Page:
In my work as a leadership speaker, sometimes I must ask clients, “do you want me to give you what you want, or give you what you need?” In other words, do clients want a band-aid, or do they want the cure for their problem?
To illustrate: in early 2018, there was an organization in Iowa that requested I deliver a motivational speech for 400 employees. I had worked with this organization previously and had established credibility there as an expert, someone they could trust to deliver.
I asked the CEO and VP of Operations what problem they were trying to solve that made them believe that a motivational presentation was the answer. The VP of Operations replied that the company had recently endured lots of changes and growth, which seemed to have caused poor morale among the workers. I dug further and asked what they meant by "poor morale." The CEO emphatically said that employees had taken on bad attitudes.
That was all I needed to hear. I said, “I’m going to throw out several expressions. Let me know if you’ve heard any of these from your employees.” Then I listed them, one by one, such as:
When is management going to understand it’s the real world down here?
Hard to find good people these days?
How do I get a job like my bosses where I don’t have to know anything?
Just do it!
Why can’t they leave well enough alone?
I am the boss!
Why does my boss continually pawn their work off on us?
The only time we get recognized around here is when we make a mistake?
I did my job.
Why do we always have to do things your way?
Both the CEO and VP nodded with conviction after each expression. Then the CEO said, “So, now you understand why we would like you to deliver a motivational speech to help inflate our tires.”
I replied that, in my professional opinion, the employees did not need a motivational speech. This was not an issue of flat tires. It was an issue of a failure to communicate, which is a common workplace problem, especially after a period of growth or change. What the workers needed was help in learning how to communicate with one another.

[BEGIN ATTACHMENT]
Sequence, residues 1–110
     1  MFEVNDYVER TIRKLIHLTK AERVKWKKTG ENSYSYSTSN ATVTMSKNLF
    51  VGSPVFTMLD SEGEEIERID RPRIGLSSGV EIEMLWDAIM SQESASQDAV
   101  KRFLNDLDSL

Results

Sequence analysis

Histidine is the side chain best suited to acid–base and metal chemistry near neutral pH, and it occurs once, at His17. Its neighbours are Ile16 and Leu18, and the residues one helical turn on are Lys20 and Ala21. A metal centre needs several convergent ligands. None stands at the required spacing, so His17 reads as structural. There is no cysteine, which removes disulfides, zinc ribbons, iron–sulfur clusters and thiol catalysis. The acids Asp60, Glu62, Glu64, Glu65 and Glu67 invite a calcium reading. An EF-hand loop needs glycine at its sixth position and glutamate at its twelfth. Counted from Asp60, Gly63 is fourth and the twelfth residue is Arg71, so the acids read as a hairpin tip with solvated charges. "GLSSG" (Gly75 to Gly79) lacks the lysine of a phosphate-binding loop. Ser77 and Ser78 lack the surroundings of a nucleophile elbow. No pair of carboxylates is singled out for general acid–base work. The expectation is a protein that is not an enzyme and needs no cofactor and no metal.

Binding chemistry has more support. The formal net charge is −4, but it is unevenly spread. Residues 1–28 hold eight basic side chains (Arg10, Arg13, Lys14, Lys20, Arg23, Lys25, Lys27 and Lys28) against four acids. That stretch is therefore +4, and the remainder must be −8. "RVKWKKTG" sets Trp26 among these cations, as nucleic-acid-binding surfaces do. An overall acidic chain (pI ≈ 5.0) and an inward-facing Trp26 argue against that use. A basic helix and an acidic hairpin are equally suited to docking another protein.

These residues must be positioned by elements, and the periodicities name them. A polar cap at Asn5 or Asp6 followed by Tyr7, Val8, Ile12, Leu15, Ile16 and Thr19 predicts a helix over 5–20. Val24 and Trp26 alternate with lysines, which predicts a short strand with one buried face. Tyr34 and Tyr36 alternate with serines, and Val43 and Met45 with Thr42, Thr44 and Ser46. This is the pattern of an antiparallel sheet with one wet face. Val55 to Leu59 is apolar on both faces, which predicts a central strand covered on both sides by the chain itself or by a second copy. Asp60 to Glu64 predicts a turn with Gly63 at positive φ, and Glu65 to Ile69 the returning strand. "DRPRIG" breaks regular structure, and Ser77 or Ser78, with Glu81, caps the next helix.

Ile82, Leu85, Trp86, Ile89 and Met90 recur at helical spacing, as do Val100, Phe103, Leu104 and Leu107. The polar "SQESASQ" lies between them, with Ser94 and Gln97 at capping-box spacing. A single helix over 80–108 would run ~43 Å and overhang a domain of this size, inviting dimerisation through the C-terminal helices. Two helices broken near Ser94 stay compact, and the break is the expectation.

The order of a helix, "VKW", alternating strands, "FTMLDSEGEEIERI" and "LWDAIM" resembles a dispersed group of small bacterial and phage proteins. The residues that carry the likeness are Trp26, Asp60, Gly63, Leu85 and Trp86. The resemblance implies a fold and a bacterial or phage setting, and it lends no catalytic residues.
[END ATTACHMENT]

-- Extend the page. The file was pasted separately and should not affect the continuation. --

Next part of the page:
All of the examples of “poor morale” that the CEO and VP recognized were rooted in communication. Communication is the lifeblood of every organization. Poor communication causes friction, mistrust, frustration, anger, misunderstandings, mistakes, broken relationships, and decreased productivity. Credibility and trust between individuals cannot be earned from sending texts, emails, memos, or voicemails. It can only be earned during face to face interactions with our co-workers. Poor morale is often a symptom of poor communication.
As I told the CEO and VP, a motivational speech may help the employees feel good for a day or two, but if the day-to-day communications did not improve, they would simply wind up back at square one. In other words, did they want a Band-Aid or a cure?
To make a long story short, the CEO and VP of Operations asked that I create a fun, fast-moving presentation geared toward improving the employee’s day to day communications that also motivated employees to achieve results.
I often think about that conversation when I am flying across the country, delivering my popular presentation, "What We’ve Got Here: is Failure to Communicate.” This presentation depicts the realistic interactions of your employees’ miscommunications and provides solutions so logical you will say to yourself, “Now why didn’t I think of that?” Prerequisite: Sense of humor required